SYDNEY, September 17, 2019 (LifeSiteNews) — Australian high-profile former politicians denounced the proposed decriminalization of abortion in New South Wales, likening the practice fo “infanticide on demand” and an “animalistic practice.”
Tony Abbott, a former Australian premier, and Barnaby Joyce, a former deputy P.M., spoke to the Stand for Life rally of human rights advocates on Sunday, where thousands of people stood in defiance of the Reproductive Healthcare Reform Bill currently before the New South Wales parliament. Abbott said the bill would lead to “infanticide on demand,” while Joyce called it a product of “the slavery debate of our time.”
If passed, the bill will legalize the killing of unborn babies upon request up to 22 weeks gestation, while physicians would have to approve abortions at any time after that. The bill would remove abortion from the state’s Crimes Act and redefine it as a medical procedure that is regulated under other norms.
Many of those at the rally were notably young and bore placards reading “Love them both,” “Stand for life,” and “Pro-woman, pro-life, pro-choice.”
Abbott told his listeners at Hyde Park in Sydney, “We elect sensible governments of the center-right to serve us in practical ways, not to engage in social engineering.”
Reportedly, the bill is slated to go before the NSW Upper House later this week. It passed the legislature’s lower house (59-31) in August. It was due for a vote in the upper house, but Premier Gladys Berejiklian agreed to delay its passage after a split within the Liberal Party, of which she is the head.
Introduced as a “legend” among Australian conservatives, Abbott said, “You don’t have to be a Catholic, you don’t have to be a Christian, you don’t have to be an evangelical, you don’t have to believe in anything other than the basic decency of every other human being to think that we should never have infanticide on demand.”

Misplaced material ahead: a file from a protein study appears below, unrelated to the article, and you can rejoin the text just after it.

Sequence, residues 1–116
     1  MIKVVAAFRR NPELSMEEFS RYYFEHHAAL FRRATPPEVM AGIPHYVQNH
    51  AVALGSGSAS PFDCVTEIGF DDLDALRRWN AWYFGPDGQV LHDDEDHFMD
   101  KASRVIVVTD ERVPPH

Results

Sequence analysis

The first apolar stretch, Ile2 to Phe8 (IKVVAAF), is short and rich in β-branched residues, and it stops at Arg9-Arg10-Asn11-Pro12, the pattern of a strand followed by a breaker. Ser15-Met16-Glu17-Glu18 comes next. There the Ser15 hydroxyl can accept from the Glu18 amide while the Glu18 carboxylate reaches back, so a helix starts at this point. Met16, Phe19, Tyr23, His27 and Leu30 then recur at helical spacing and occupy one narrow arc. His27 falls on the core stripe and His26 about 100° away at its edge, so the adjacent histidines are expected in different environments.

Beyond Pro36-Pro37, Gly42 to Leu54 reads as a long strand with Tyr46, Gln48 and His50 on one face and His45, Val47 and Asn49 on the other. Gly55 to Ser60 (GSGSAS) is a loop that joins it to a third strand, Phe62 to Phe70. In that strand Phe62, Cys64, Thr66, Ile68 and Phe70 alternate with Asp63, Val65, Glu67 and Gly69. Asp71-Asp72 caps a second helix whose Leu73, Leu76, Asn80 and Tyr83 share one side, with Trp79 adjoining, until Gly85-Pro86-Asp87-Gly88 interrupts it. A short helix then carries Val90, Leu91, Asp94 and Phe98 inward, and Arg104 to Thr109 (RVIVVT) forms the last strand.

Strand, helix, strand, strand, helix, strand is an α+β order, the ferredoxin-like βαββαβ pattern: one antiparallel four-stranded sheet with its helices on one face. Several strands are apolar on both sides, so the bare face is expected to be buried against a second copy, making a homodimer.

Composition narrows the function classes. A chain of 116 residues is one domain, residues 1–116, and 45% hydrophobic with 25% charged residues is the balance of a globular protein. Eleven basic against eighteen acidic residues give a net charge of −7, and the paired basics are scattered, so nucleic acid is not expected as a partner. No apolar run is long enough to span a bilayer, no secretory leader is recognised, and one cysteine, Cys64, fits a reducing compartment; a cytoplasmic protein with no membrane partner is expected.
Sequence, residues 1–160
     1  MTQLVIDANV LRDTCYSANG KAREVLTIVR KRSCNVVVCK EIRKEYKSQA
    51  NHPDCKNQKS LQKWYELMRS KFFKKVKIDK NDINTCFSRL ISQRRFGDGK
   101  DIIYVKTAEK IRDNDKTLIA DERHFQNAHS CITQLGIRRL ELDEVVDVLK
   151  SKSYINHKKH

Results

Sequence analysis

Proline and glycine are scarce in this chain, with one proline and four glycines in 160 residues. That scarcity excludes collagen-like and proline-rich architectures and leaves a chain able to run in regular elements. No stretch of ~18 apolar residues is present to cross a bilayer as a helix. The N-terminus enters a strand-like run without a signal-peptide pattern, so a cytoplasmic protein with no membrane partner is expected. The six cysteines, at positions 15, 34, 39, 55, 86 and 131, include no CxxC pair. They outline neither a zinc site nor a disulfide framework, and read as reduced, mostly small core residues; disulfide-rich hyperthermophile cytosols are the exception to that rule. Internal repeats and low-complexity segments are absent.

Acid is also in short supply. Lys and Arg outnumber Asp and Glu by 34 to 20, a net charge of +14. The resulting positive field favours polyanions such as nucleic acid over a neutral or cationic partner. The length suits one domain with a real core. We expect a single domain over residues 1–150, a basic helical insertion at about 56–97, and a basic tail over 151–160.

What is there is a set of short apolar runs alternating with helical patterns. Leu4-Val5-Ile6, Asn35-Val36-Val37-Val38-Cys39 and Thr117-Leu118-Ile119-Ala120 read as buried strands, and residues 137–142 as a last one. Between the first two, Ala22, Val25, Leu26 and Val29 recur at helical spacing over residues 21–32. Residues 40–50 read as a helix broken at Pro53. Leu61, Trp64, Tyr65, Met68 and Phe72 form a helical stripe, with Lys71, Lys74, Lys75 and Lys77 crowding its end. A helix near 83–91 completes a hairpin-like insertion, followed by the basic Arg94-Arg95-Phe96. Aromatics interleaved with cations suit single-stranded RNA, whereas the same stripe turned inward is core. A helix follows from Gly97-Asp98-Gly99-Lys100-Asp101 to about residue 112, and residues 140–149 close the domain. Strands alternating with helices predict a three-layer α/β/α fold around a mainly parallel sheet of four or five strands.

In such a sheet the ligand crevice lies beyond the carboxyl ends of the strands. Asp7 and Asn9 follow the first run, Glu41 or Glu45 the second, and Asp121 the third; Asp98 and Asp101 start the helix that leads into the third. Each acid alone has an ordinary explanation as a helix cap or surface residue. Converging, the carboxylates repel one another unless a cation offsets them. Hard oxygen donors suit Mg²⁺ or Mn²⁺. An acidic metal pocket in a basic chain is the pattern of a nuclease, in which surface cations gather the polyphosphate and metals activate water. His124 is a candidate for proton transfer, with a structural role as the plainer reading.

Berejiklian voted for the bill, while Deputy Premier John Barilaro and Opposition Leader Jodi McKay seconded her. Seven members of Berejiklian’s own party voted against the bill, including attorney general and minister for the prevention of domestic violence Mark Speakman and planning minister Rob Stokes. Abbott criticized Berejiklian for allowing the bill to come up for consideration, saying it was not what she and her party were elected to do. “The first serious legislation that the new government puts into this parliament is for the most radical abortion laws in this country,” he said. Abbott added that the bill is premised on a lie, saying, “Whether we like it or not, abortion has been decriminalized in this state for up to sixty years.”
Abbott said he fears that sex-selection and late-term abortions will ensue as a result of decriminalization, saying it is “effectively infanticide on demand.” Likening it to the infamous abuse of convicts in Australia by the British government and America’s slave trade, Joyce said language in the bill referring to the “fetus” instead of a “person” is a strategy of dehumanization. Joyce said, “If you can vote down an amendment [for sex selection] because they’re a boy or girl, then why stop there? Why not vote them down because they’re too dark or too fair or the wrong complexion? When does this animalistic process stop?”
“There is not one person here who was not born,” Joyce told rally-goers. “There comes a time when there are two people, and two people have rights, and those rights must be respected. Otherwise, society is destroyed.
“If you want to kill someone, how do you do it? You dehumanize them, you give them another word, you don’t call them a person…‘well, I’ll call them a fetus or a thing.’”
Joyce said of his opponents, “They had a longer inquiry into koalas,” adding, “I love koalas, but I think a person is more important than a koala.”
Reverend Fred Nile, of the Christian Democrat Party, told the rally, “This is the worst bill in 38 years. I call it the ‘kill bill.’”
A much smaller rally of protesters in favor of the infanticide bill showed up on Saturday. Dee Madigan told protesters that proposed amendments to the bill would make for unacceptable limits on the practice. She said that “amendments are being brought in that have the power to make things worse for women than they currently are.” Jane Caro said placing limits on infanticide is unacceptable, saying they are proposed “to continue them having some control over us and what we do with our lives.” She said, “I hope that common sense prevails and that the women of NSW can join with their sisters across Australia in being allowed to be fully adult, fully free and in control of their own bodies and reproductive systems.”